College Student Snacking Behaviour Pilot Study

Dallmeyer, Martha A.
Davidson, Jeannette
Randall, Kevin
Newell, Amanda
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International Journal of Home Economics

This study examined the snacking behaviour of undergraduate college students using a comprehensive survey that included a Healthy Snacking Knowledge Test (HSKT), a Snack Frequency Questionnaire, a survey of psychosocial correlates related to snacking behaviour (Situational Self-Efficacy, Barriers to Healthy Eating, and Transtheoretical Model of Behavior Change), and demographic information. There were 105 student participants from two Midwestern universities. Results show 2.6 mean snacking occasions per day, and the snack food selections tended to be high in nutrient density. Upper classmen had more knowledge about healthful snack options than freshmen. These students were most confident about healthful snack choices in difficult or inconvenient settings. The main predictors of healthful snack consumption were the academic year, the higher level of stage of change, and the difficult/inconvenient subscale of snacking self-efficacy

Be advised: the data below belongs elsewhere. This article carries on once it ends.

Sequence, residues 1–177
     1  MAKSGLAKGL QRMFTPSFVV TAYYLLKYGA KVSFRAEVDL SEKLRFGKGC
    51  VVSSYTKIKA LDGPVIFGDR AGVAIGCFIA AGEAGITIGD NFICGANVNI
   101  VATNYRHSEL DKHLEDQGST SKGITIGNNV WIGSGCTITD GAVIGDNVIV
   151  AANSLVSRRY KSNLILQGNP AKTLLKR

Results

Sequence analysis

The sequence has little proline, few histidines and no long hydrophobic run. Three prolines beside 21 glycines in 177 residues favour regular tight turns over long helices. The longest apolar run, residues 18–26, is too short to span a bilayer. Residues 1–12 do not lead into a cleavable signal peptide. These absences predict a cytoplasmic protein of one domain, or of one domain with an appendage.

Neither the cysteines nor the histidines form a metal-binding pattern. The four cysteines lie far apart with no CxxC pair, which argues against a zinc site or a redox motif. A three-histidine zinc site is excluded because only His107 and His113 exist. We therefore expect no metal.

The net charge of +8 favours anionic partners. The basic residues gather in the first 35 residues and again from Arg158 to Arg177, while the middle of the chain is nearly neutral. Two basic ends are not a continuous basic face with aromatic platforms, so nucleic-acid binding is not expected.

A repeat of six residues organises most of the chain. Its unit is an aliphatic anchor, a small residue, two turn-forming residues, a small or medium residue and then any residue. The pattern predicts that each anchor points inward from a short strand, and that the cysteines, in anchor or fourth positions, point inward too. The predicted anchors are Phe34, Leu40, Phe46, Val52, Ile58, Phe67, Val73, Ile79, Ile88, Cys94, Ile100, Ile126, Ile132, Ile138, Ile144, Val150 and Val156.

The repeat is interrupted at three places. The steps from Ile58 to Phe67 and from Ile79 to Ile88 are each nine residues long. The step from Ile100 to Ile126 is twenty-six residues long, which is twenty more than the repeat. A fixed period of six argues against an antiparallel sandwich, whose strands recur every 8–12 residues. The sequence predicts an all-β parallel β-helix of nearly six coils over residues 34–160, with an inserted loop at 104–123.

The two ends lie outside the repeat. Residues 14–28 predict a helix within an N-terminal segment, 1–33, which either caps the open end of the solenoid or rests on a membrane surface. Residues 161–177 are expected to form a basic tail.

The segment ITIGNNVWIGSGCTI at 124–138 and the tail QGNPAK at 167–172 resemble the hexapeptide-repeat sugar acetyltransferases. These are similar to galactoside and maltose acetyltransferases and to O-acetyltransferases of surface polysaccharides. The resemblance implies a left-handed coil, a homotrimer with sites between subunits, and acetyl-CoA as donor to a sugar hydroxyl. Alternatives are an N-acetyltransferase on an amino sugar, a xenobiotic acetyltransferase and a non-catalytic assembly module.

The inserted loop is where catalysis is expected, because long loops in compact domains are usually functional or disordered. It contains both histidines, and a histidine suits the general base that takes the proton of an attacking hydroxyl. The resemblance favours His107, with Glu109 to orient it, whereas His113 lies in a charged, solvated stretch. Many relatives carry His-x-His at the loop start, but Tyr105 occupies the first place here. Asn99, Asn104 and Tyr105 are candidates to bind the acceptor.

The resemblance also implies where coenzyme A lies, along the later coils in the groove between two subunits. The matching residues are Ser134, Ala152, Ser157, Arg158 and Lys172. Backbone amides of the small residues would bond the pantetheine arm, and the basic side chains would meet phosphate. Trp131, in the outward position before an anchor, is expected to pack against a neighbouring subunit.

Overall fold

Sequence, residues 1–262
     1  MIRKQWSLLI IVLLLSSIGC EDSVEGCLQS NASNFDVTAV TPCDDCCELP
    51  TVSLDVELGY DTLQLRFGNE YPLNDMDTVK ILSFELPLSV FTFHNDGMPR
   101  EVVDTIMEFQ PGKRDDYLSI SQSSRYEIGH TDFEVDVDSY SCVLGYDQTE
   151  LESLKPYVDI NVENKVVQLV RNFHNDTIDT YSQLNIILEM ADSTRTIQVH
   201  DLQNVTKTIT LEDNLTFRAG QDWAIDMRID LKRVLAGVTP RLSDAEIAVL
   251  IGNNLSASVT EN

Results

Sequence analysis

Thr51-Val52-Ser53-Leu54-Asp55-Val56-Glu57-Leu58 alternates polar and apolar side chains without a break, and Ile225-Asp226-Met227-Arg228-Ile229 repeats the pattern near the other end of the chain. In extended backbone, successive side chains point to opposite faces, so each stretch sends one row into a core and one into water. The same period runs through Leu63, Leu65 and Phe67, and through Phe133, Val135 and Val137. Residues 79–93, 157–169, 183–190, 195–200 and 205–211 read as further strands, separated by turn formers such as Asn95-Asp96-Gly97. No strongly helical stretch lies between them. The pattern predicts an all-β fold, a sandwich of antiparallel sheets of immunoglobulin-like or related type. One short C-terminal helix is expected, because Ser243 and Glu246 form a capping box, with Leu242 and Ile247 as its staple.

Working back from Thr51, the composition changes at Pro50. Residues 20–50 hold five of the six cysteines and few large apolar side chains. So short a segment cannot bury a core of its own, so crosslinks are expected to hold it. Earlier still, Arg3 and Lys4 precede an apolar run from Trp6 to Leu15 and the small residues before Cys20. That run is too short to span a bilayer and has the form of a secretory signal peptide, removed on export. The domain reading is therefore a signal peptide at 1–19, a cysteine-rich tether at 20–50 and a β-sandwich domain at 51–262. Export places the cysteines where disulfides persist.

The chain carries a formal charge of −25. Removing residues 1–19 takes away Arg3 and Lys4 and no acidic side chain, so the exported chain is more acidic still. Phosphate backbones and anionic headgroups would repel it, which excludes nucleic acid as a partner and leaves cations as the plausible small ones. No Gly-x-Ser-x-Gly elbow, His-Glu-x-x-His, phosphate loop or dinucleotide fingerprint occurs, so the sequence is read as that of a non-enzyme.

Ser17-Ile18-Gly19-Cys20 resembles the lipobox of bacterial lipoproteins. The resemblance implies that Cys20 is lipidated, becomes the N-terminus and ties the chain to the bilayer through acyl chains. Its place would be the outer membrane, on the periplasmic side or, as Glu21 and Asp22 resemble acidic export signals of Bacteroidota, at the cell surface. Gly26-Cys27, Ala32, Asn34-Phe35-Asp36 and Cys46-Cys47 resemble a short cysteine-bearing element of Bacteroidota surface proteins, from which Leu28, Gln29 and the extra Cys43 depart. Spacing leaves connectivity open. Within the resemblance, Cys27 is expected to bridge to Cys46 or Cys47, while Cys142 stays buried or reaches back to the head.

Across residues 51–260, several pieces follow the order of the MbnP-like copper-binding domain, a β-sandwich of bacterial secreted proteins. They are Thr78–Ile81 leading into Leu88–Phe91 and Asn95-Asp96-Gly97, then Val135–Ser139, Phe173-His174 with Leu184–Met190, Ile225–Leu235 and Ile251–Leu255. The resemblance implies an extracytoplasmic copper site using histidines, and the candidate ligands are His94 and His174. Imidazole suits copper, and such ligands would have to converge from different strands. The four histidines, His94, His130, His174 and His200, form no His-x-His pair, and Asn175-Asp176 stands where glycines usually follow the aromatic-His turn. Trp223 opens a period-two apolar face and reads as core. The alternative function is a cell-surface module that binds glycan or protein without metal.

This article was originally published by the International Journal of Home Economics
Healthy Snacking Knowledge Test, snacking behavior, undergraduate college students, food selection
Dallmeyer, M. A., Davidson, J., Randall, G. K., & Newell, A. (2012). College student snacking behavior pilot study. International Journal of Home Economics, 5(2).